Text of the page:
Intensive family preservation services (IFPS), designed to stabilize at-risk families and avert out-of-home care, have been the focus of many randomized, experimental studies. The emphasis on "gold-standard" evaluation of IFPS has resulted in fewer "black box" studies that describe actual IFPS service patterns and the fidelity with which they adhere to IFPS program theory. Intervention research is important to the advancement of programs designed to protect the safety of children, improve family functioning, as well as prevent out-of-home placement. Employing a retrospective “clinical data-mining” (CDM) methodology, this exploratory study of Families First, an IFPS program, makes use of available information extracted from client records to describe interventions and service patterns provided over a two year period. This study uncovers actual IFPS service patterns, demonstrates IFPS program fidelity, as well as reveals the usefulness of CDM as a social work research methodology. These findings are particularly valuable for program planning and treatment, policy development and evidence-based practice research.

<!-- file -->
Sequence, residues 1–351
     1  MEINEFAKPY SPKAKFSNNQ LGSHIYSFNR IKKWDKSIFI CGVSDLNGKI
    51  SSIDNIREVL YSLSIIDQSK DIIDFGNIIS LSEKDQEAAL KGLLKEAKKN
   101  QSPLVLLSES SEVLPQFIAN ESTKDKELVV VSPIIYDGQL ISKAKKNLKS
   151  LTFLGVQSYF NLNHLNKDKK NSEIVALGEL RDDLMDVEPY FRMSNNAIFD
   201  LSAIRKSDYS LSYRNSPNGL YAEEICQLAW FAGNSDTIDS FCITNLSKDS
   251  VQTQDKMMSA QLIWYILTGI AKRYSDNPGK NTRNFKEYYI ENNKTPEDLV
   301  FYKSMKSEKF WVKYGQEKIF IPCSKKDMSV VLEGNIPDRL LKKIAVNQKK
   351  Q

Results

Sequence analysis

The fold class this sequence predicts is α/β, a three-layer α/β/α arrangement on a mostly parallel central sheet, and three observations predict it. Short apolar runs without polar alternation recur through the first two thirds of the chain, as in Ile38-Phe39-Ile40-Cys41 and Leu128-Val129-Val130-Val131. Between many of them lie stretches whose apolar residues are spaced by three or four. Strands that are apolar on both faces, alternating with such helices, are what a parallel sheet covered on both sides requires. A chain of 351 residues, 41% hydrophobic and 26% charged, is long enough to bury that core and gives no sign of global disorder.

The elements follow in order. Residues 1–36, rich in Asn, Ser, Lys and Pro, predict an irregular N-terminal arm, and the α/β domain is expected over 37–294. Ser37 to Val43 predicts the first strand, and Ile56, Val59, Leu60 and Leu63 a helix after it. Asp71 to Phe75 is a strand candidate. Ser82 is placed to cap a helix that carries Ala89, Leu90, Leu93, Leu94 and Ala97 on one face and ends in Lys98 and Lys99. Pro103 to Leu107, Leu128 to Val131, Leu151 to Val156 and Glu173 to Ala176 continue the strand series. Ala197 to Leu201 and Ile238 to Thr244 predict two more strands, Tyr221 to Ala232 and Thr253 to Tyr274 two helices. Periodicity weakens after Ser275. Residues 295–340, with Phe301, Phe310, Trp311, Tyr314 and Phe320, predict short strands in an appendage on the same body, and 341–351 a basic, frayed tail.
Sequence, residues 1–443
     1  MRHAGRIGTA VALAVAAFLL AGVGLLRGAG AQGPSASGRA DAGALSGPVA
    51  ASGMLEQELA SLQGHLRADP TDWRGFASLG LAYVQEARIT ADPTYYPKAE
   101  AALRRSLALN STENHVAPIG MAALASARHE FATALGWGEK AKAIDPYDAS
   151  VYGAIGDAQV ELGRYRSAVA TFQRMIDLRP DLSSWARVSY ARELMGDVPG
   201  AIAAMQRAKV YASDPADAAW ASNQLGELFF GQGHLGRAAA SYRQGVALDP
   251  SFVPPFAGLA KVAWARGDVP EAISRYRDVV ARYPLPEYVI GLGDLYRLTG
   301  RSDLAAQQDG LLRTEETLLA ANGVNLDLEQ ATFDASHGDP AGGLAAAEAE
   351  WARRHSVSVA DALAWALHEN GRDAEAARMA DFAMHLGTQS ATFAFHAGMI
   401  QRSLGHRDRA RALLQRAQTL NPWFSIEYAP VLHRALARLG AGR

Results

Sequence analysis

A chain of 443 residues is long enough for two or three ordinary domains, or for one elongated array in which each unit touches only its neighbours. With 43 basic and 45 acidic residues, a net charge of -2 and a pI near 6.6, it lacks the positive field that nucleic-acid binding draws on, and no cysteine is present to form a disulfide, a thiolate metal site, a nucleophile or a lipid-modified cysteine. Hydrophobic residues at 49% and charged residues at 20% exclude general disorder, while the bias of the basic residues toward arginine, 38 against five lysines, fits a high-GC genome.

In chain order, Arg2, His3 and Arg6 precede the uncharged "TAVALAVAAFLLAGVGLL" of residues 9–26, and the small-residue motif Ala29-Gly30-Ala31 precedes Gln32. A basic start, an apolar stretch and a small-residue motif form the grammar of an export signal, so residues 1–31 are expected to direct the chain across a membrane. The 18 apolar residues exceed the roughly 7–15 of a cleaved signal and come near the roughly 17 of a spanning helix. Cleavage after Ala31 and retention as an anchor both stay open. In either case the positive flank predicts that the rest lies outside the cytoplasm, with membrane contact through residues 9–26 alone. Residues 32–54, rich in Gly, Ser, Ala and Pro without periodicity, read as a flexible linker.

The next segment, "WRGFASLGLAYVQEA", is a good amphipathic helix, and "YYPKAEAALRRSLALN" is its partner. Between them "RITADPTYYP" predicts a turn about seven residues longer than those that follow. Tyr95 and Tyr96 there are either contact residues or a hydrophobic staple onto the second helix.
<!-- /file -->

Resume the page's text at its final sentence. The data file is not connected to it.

Hanssen, Daria V. and Epstein, Irwin
"Looking Inside The Black Box,"
Journal of Family Strengths:
1, Article 3.
Available at: http://digitalcommons.library.tmc.edu/jfs/vol9/iss1/3